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Warm and wet conditions cover most of Georgia in January 2017

Above-normal temperatures covered Georgia again in January 2017, with values ranging from three to more than ten degrees above average.  This is the 12th month in a row with above-normal temperatures for the state as a whole.  In fact, nearly all of the eastern half of the US was well above normal, with colder air focused on the Pacific Northwest.  Rainfall was also well above normal almost everywhere in the state this month, leading to major reductions in drought over the month except in the driest areas in the northeast.

In Atlanta, the monthly average temperature was 52.0 degrees F (8.7 degrees above normal), in Athens 51.5 degrees (8.0 degrees above normal), Columbus 53.7 (6.5 degrees above normal), Macon 53.9 (7.6 above normal), Savannah 58.11 (8.6 above normal), Brunswick 59.0 (7.5 above normal), Alma 57.4 (6.7 above normal), Augusta 55.5 (10.1 above normal), Albany 56.6 (7.3 above normal), Rome 51.3 (10.1 above normal), and Valdosta 57.3 (6.9 degrees above normal).

Many stations around the state reported that their January average temperature was in the top ten for their records.

A number of record highs were tied or set in January.  Atlanta broke their record high on January 14, observing 77 F to pass the old record of 73 F set in 1937.  Augusta set new record highs on January 13, 15, 18 and 20, in each case by 1-4 degrees.  Savannah broke a record high on January 20, reaching 78 F, which surpassed the old record of 77 F set in 1951.  Alma broke their record high on January 2, observing 82 F which surpassed the old record of 80 F set in 1952 and Brunswick broke a record high on January 20, reporting 80 F which surpassed the old record of 77 F set in 1952.  A number of record highs were also tied.  Several record high minimum temperatures were also set, including Savannah’s high minimum of 66 F on January 2 which climbed above the old record of 64 set in 1985 and Augusta’s high minimum of 60 F which surpassed the old record of 57 F set in 1997.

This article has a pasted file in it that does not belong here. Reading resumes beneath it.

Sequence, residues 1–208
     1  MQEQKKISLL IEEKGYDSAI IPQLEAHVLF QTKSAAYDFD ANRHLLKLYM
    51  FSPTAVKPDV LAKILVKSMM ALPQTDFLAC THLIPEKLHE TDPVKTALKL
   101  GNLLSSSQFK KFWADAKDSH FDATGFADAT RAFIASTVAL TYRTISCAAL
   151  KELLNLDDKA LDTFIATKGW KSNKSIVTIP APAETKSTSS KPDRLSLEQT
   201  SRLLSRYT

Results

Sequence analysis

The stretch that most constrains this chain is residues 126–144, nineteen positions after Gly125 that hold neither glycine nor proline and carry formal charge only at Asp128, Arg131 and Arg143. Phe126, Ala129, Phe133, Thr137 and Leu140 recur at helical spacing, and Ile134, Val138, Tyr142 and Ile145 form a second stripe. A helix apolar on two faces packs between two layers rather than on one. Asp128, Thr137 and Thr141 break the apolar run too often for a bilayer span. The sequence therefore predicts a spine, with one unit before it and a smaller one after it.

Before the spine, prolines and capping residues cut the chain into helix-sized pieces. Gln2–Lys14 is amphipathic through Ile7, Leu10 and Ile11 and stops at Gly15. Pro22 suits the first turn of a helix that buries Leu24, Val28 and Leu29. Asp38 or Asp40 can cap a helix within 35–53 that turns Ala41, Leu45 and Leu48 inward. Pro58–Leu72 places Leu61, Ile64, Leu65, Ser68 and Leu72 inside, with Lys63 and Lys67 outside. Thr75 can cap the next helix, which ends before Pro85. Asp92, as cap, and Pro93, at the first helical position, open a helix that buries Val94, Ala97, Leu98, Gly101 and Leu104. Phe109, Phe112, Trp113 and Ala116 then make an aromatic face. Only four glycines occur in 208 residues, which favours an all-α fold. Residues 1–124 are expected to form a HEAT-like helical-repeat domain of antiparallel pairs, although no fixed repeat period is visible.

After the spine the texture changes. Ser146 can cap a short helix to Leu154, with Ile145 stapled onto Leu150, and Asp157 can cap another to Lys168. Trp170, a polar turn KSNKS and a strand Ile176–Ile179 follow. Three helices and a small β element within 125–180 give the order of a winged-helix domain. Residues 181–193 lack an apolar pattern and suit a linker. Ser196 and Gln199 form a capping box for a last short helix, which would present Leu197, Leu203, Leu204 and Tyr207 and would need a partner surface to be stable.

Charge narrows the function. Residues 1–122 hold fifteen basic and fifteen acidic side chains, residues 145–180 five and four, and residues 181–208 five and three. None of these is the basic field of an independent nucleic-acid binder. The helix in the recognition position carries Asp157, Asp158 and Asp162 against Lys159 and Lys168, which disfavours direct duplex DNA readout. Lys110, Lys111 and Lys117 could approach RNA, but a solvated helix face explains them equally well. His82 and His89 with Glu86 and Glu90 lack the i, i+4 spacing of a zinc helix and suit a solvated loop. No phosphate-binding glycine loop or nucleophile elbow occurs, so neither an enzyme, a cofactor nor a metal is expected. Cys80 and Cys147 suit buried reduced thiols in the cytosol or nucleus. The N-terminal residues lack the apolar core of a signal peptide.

January was also notable for the number of warm days.  Atlanta and Athens both tied or broke records with 11 and 10 days, respectively, at or above 70 F and many other stations were in the top ten.  In fact, Atlanta had 9 days in a row with temperatures at or above 70 F, Augusta and Columbus had 10 in a row and Macon had eleven consecutive days at or above 70 F.  This was a new January record for all of these stations.

The highest monthly total precipitation from National Weather Service reporting stations was 11.48 inches in Columbus (7.63 inches above normal) and the lowest was in Brunswick with 5.00 (1.78 inches above normal).  Atlanta received 8.18 inches (33.98 inches above normal), Athens received 6.51 inches (2.46 above normal), Macon 11.26 inches (7.02 above normal), Savannah 6.61 inches (2.92 above normal), Augusta 10.13 inches (6.22 above normal), Alma 7.09 inches (2.83 above normal), Valdosta 9.11 inches (4.54 above normal), Rome 7.81 inches (2.99 above normal) and Albany 8.78 inches (3.96 above normal).

Several daily rainfall records were set in January.  Savannah received 4.19 inches on January 22, breaking the old record of 1.33 inches set in 1966.  On the same day Augusta received 2.47 inches, passing the old record of 1.74 inches, Brunswick’s 2.69 inches beat their old record of 1.27 inches and Alma received 3.15 inches, beating their old record of 1.27 inches set in 1956.  Augusta also broke a daily record on January 2, receiving 2.92 inches, which surpassed the old record of 1.64 inches set in 1919.